Seventy years ago, Britain introduced food rationing and for the first time, everyone had enough to eat.
Yesterday was the anniversary of the introduction of food rationing in the UK, and what a shock to find that Marguerite Patten, doyenne of cookery writers, is still alive and kicking. I’ve got a couple of her cookery books.
My parents both served in the war, but for those in civilian life, food rationing is one of the things they remember with the least fondness. Bad enough having bombs dropped on you, your kids sent away for safety, your spouse training in some army camp, without food itself being difficult to obtain.
Well, that’s the received opinion, but in my family, it’s taken with a pinch of salt. One reason that food rationing was introduced, let us remember, was that when the general mobilisation took place, so many men were found to be unfit for service due to malnutrition.
The pale, spavined, rickety product of a 10-year economic depression – a time when many people suffered from anaemia due to lack of meat, there was no NHS so ailments went untreated, and most people did grinding manual labour – came as a shock to the authorities.
They instantly instituted a rationing programme to bring Britain UP to standard, as well as prevent waste and food hoarding. For my family, as for many other working families, they had never eaten so WELL.
Certainly the diet was boring. Without our massive empire to exploit, Britons suddenly had to grow our own food instead of nicking it from people we’d conquered, and we’d halfway forgotten how to do it. We learned quickly, though, and God bless the Ministry of Food’s efficiency in ensuring its fair distribution and that the population didn’t starve to death.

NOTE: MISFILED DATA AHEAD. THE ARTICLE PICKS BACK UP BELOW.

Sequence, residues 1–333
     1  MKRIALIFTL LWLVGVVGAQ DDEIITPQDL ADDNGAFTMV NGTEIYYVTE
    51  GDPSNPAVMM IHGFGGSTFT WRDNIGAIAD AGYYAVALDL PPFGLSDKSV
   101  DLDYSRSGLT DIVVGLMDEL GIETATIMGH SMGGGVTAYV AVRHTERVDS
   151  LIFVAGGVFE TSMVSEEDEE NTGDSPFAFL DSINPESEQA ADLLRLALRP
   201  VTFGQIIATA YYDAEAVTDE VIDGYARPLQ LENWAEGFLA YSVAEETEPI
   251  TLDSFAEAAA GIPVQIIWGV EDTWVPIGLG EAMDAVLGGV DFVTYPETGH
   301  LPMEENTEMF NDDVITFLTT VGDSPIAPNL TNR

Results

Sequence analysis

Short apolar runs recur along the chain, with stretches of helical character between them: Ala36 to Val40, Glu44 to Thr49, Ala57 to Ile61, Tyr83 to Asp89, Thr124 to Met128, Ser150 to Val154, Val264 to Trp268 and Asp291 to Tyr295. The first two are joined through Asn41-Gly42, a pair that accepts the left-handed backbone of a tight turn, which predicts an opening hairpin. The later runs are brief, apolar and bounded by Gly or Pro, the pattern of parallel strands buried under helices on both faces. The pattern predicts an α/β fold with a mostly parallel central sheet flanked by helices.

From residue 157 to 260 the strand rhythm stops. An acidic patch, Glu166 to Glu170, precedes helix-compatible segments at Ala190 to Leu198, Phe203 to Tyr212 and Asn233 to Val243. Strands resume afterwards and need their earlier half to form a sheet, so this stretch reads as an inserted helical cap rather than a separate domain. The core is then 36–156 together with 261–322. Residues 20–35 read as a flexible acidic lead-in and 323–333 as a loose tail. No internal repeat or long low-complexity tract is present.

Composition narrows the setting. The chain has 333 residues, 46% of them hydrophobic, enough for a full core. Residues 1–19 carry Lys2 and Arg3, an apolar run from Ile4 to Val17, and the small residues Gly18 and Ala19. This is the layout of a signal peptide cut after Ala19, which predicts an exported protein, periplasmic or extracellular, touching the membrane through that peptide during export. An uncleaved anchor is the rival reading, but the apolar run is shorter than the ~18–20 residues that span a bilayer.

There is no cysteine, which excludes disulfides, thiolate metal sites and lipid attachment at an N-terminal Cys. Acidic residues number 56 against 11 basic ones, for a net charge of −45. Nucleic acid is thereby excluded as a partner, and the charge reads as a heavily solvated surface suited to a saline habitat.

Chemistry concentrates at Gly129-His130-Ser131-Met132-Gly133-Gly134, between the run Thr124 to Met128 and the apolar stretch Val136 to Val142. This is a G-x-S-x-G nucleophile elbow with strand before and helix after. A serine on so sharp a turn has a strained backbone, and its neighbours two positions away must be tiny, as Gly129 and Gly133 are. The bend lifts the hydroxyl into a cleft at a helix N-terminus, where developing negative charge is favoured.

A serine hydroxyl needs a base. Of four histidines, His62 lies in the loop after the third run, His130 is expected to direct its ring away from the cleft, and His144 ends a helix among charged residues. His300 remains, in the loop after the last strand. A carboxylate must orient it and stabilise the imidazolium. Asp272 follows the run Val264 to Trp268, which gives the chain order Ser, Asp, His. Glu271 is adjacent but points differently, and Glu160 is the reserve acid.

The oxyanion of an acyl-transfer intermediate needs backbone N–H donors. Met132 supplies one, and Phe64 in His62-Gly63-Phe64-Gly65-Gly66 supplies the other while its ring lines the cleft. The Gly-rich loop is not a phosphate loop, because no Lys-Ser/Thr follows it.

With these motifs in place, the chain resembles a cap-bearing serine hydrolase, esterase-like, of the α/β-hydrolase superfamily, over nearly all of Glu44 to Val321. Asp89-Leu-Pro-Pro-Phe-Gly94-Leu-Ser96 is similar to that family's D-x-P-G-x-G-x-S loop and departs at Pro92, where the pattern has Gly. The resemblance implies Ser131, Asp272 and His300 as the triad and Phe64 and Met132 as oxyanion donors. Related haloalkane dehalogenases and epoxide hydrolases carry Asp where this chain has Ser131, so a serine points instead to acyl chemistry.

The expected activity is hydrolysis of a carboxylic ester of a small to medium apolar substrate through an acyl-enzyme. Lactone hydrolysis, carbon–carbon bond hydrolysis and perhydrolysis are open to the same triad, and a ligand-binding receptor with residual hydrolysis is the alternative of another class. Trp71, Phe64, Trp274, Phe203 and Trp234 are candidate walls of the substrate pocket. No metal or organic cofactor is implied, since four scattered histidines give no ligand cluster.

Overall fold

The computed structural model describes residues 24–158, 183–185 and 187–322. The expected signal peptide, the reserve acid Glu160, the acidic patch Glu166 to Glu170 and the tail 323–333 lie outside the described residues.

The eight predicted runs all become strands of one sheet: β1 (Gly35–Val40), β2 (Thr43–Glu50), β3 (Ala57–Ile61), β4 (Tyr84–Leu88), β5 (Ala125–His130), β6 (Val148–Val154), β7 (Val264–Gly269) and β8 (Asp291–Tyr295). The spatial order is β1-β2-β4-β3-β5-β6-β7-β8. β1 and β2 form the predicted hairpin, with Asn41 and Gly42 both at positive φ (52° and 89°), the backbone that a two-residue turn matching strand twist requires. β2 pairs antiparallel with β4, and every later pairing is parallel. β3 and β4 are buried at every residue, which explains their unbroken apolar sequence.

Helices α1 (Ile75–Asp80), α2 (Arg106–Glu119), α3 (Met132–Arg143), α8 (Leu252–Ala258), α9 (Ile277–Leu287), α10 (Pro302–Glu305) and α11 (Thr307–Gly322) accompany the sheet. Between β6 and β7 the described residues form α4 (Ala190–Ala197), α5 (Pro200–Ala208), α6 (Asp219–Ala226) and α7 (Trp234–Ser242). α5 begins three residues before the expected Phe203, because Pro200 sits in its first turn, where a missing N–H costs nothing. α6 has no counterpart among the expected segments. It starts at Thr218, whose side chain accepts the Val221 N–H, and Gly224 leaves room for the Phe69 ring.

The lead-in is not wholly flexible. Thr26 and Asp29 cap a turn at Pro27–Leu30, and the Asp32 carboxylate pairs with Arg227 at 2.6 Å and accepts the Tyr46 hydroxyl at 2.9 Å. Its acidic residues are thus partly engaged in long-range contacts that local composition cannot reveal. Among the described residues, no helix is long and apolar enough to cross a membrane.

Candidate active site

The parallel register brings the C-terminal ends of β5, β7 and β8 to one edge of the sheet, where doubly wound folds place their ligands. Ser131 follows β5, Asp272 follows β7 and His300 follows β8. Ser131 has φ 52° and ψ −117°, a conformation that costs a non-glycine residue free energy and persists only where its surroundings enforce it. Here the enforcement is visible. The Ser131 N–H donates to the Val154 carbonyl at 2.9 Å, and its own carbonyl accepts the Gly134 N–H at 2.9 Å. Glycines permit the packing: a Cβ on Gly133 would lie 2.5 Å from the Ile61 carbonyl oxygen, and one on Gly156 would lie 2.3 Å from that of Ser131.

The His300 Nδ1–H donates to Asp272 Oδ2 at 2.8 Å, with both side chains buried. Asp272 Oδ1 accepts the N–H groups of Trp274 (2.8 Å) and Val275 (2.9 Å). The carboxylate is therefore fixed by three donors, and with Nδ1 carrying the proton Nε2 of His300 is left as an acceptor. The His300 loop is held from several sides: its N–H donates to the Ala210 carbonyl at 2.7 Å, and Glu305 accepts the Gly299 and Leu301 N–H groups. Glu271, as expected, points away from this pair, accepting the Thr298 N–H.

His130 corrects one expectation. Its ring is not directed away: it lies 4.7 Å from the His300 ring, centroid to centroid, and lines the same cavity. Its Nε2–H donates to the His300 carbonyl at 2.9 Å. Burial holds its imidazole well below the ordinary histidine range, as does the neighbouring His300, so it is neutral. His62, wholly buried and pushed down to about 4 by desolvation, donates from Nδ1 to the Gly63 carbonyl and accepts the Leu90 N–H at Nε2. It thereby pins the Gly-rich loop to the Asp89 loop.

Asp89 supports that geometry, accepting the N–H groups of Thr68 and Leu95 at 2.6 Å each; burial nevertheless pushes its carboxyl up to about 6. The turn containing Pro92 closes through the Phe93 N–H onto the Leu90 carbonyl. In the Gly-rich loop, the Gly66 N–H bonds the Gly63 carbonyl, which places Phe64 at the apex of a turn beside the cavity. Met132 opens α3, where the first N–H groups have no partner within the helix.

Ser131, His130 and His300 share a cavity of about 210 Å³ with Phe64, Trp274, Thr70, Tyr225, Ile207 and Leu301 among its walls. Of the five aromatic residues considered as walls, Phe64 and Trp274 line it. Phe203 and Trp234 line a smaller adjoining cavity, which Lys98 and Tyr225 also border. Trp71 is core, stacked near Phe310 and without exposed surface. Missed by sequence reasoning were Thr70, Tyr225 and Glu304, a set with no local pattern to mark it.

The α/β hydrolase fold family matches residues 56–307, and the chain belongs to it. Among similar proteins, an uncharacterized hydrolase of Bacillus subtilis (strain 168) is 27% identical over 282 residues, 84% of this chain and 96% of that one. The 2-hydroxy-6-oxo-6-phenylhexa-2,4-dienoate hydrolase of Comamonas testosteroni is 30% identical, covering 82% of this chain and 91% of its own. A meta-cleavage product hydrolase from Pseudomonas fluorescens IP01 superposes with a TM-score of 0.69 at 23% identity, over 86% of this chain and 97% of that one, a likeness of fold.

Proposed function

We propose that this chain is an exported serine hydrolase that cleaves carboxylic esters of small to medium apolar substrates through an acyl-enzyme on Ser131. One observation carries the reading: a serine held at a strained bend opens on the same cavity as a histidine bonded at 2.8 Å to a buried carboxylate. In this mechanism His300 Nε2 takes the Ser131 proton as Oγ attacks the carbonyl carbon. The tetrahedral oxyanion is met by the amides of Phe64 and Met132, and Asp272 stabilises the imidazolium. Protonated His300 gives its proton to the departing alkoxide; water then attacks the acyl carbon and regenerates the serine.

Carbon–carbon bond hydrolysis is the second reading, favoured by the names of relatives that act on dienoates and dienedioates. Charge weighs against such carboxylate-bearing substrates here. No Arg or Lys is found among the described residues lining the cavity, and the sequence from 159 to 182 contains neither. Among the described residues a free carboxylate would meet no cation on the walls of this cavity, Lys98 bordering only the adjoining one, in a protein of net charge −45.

I searched online for articles about the subject yesterday and found a few of those gosh-wow-how-DID-they-manage-without-microwaves? type features so beloved of the tabloids as if we all slept on swansdown. In this kind of feature, people follow the wartime diet for a week, suffer the ghastly pangs of Diet Coke withdrawal and end by wondering how on earth people coped without mooli and garangal.
Well, they didn’t all live on powdered egg and Spam, I tell you what. A lot of them did what my family did: they poached, they kept chickens on any spare bit of ground, or a pig out the back; they planted potatoes; they learned to stretch meat; they grew their own herbs, they made bread pudding and Poor Knights of Windsor. In fact, that’s how I grew up too, in the 60s and 70s, eating pheasant full of buckshot, jugged hare poached by my dad’s workmates and fish caught by the local Jehovah’s Witnesses (don’t ask me why – they had their own boat).
One writer, eating a Woolton pie (a kind of shepherd’s pie with root veg instead of meat, shown at top left) proclaimed it as tasting like cheesy slime. No it bloody doesn’t. A properly cooked Woolton pie is really tasty, but you have to know how to cook, not just take the top off an M&S ready meal. Ye gods. Have Britons really turned into such a bunch of wimps? Two rashers of bacon a week? A bar of chocolate a week? That’s all we eat in this house to this day.
Oh well, enough rant. It seems a far cry from then to Good New Days of today, when we chuck a third of our food in bins and leave it to rot. So much cleverer than our ancestors, drowning in a sea of our own plenty…